Every year when we decorate the Fuoco family Christmas tree, I feel a little pang when I hang two special ornaments, each made of wood. One is a baseball bat, about 6 inches long, and the other is Mickey Mouse. They take me back to 1994 when Dante Fuoco was 4 years old and our chocolate Labrador retriever was 4 months old.
Our son named our puppy Mickey, in honor of his favorite Disney character, and picked out the Mickey Mouse ornament. His father and I bought the little bat because Dante would be playing baseball in the summer.
Fragile glass and china ornaments were hung high on the tree, beyond the reach of Mickey's constantly wagging tail. The mouse and the bat hung on bottom boughs. When I packed them away in January, both were pock-marked with little holes made by sharp puppy teeth.
"That's OK Mommy," said Dante, always quick to defend the dog. "This will always remind us of Mickey."
So much has changed since then. Dante, 22, graduated from Swarthmore College last May and moved to New Orleans for a teaching job. Mickey died nine years ago. The chewed-up wooden bat and Mickey Mouse are hung on each year's Christmas tree.
Because of Mickey, we never put tinsel on our trees. Experts say tinsel is dangerous for dogs and cats.
Lists of holiday hazards seems to get longer each year, including Christmas trees, live plants, popcorn and cranberries strung on garlands, shiny glass tree ornaments, wires on strands of holiday lights, lit candles, fireplace fires, ribbon and wrapping paper, holiday visitors, and rich and fattening foods, including chocolate, butter and gravy.
Real Christmas trees, holly and mistletoe can be dangerous, says a news release from the American Kennel Club. "Consider having an artificial Christmas tree, but if you do have a natural one, make sure your dog doesn't swallow the pine needles or drink the tree water, which can cause stomach irritation."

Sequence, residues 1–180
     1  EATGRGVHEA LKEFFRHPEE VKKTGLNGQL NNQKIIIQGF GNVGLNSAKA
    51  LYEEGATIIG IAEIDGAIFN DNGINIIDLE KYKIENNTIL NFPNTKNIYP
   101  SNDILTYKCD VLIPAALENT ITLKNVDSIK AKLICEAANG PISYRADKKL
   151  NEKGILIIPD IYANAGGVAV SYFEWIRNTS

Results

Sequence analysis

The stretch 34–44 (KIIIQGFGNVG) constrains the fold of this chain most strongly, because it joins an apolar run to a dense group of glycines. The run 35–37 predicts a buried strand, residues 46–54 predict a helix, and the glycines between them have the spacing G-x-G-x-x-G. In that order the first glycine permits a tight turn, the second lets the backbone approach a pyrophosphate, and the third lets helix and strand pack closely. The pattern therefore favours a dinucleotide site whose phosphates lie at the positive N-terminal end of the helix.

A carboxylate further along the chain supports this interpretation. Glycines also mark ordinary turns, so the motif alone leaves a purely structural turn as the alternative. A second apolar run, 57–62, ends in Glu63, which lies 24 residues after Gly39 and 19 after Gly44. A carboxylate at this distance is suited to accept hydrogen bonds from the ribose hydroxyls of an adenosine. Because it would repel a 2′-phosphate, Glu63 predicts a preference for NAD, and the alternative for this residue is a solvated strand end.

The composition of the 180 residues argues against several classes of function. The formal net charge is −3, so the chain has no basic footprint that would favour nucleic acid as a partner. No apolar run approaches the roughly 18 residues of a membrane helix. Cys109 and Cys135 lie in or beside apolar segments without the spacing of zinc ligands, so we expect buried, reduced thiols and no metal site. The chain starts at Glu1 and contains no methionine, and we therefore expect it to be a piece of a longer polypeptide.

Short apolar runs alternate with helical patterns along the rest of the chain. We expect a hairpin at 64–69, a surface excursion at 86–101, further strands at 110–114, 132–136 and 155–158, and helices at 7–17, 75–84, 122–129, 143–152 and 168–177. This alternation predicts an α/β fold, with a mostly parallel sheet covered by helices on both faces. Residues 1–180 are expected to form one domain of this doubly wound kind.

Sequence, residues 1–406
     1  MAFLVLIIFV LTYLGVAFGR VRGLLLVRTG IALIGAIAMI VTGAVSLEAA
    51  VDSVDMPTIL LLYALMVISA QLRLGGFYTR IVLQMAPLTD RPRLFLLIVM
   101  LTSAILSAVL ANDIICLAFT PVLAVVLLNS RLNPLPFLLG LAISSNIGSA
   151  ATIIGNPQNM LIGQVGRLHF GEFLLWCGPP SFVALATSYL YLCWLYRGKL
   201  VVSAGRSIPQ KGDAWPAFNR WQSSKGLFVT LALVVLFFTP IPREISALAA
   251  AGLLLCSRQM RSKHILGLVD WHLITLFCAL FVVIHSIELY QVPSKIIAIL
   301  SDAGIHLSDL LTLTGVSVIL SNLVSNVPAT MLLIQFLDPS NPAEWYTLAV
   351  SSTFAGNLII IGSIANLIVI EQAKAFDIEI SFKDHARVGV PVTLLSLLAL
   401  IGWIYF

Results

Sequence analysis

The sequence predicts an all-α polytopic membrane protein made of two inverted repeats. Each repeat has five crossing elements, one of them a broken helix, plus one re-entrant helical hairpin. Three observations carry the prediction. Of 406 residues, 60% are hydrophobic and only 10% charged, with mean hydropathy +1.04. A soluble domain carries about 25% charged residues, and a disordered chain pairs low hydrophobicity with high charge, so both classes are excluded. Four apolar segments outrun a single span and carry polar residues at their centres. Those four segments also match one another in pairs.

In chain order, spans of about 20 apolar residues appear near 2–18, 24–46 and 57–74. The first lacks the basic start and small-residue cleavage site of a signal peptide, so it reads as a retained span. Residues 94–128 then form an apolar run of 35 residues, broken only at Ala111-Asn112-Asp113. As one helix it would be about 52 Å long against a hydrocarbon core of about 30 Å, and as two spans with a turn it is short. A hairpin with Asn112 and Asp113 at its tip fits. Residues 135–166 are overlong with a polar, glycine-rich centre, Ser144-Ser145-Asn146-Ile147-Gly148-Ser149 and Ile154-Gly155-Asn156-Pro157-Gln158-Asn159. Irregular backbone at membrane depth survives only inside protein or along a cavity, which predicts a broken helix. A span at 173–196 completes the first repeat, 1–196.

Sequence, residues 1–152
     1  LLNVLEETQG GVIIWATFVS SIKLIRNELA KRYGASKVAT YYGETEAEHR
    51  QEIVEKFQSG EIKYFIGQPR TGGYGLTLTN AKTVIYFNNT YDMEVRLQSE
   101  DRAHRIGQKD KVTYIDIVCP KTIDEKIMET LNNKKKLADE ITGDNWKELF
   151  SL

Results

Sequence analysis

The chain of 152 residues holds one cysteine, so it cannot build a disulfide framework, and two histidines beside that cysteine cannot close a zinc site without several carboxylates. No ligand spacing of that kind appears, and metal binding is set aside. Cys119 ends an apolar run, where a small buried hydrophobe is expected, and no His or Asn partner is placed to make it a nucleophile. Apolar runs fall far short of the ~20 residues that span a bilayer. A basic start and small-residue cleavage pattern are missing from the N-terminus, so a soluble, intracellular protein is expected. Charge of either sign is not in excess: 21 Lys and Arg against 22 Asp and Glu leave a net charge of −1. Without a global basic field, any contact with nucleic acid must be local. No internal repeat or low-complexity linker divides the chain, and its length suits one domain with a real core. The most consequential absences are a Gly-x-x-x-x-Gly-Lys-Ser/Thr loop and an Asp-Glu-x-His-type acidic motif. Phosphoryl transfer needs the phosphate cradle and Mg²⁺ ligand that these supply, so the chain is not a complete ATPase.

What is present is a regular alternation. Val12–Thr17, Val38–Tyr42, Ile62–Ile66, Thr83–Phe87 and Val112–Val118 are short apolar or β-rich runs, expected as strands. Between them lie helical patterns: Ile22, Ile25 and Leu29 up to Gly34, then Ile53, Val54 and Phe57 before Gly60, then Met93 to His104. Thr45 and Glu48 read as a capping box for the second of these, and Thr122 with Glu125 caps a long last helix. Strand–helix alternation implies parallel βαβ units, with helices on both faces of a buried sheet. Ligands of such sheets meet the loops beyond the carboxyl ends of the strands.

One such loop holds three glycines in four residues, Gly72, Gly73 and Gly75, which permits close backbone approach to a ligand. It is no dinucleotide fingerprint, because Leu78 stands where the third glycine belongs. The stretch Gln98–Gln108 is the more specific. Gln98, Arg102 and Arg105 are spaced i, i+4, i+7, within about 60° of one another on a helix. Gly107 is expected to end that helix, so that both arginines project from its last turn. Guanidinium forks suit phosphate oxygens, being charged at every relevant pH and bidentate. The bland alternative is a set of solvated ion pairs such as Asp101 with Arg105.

The registry for purebred dogs failed to warn that cats can climb Christmas trees and pull them over. Cat owners are supposed to anchor their trees to the wall, but I'm not sure how you'd do that.
Decorations made with food can be enticing to dogs, especially puppies. Garlands of cranberries or popcorn, if eaten, can cause blockages, which can require surgery to remove.
I'd add gingerbread men and cookie ornaments to that list. Dogs will eat them, even if they are old, stale and coated with varnish or some other preservative.
Cats have better sense than dogs when it comes to eating stupid things that could hurt them. The ASPCA Animal Poison Control Center reports that since 2002, 83.6 percent of calls were about dogs and 13.9 percent were for cats.
But cats will tangle with tinsel, yarn and ribbons. (See Pet Points today for a veterinarian's first-hand experience with surgery to undo the damage.)
Visiting friends and relatives can be hazardous to the health of your pets. They can leave doors open for too long, causing great escapes. They may feed candy and other treats to cats and dogs, and that could cause vomiting, diarrhea or worse. Fatty foods such as butter and gravy can lead to pancreatitis -- a serious internal inflammation that can rack up big vet bills.
Experts are standing by telephones 24/7 to answer questions and concerns about holiday hazards. They're often able to save you a trip to your veterinarian.
Chocolate has been the most common poison threat to pets, with 41,946 calls in the past 10 years, according to the ASPCA Animal Poison Control Center. The darker the chocolate, the more toxic it will be. Prompt veterinary intervention can avert disaster. Symptoms include vomiting, drooling, shivering, diarrhea, lethargy, agitation, thirst, elevated heart rate or seizures.
The ASPCA center, founded in 1978, reports it has just handled its 2 millionth case -- a call about a domestic longhair cat whose owner suspected exposure to a new houseplant. Over the years new toxins have emerged, including lilies, grapes, raisins and one I've never heard about -- fireflies.
Tape these phone numbers to your refrigerator. Credit cards are needed to pay for a telephone consultation at the first two, which are staffed by veterinary toxicologists. Calls to the Pittsburgh Poison Control Center are free.
• ASPCA 1-888-426-4435. Cost is $65.
• Pet Poison Helpline, affiliated with the University of Minnesota College of Veterinary Medicine, 1-800-213-6680. Cost is $39.
• Pittsburgh Poison Control Center, 1-800-222-1222. Although primarily a service for people, the staff handles more than 7,000 calls about pets each year. If they can't help, they'll refer you to the ASPCA or an emergency veterinarian.
Last Chance Adoptions?
"Spend your last moments with a furry friend," says the tongue-in-cheek flier for the "End of the World Adoption Special" on Dec. 21 at the Animal Rescue League Shelter & Wildlife Center.
Because some say ancient Mayan calendars predicted the world will end Dec. 21, 2012, the Larimer shelter is offering special adoption rates on that date: $20.12 for dogs and no fees for cats. If life goes on, the special rates will continue for the rest of the year.
Pet Tales appears weekly in the Saturday Home & Garden section. Linda Wilson Fuoco: email@example.com or 412-263-3064.